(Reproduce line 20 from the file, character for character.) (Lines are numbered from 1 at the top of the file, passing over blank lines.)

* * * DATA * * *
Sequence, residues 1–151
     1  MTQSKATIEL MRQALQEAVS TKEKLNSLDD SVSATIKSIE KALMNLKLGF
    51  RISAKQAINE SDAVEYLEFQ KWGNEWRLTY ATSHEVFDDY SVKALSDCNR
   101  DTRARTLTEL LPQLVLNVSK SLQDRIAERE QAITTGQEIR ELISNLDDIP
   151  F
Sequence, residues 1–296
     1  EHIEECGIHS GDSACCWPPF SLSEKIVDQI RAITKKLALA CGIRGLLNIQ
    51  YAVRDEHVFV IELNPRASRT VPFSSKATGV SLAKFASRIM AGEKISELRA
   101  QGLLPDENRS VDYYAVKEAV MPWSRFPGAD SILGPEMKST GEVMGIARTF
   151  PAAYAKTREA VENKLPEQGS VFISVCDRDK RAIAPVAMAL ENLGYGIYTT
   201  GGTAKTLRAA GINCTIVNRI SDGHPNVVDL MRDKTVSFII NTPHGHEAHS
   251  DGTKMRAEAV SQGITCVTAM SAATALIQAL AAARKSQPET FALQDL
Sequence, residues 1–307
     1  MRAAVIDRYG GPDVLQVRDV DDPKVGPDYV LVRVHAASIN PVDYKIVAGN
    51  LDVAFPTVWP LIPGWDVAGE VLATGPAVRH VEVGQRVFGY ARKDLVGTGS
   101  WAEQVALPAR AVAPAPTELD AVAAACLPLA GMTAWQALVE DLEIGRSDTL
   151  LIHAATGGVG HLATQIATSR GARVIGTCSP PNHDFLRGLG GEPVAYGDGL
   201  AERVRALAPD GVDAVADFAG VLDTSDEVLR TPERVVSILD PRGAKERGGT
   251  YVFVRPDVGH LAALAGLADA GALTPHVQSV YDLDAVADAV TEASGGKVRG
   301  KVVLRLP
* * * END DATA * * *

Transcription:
   301  KVVLRLP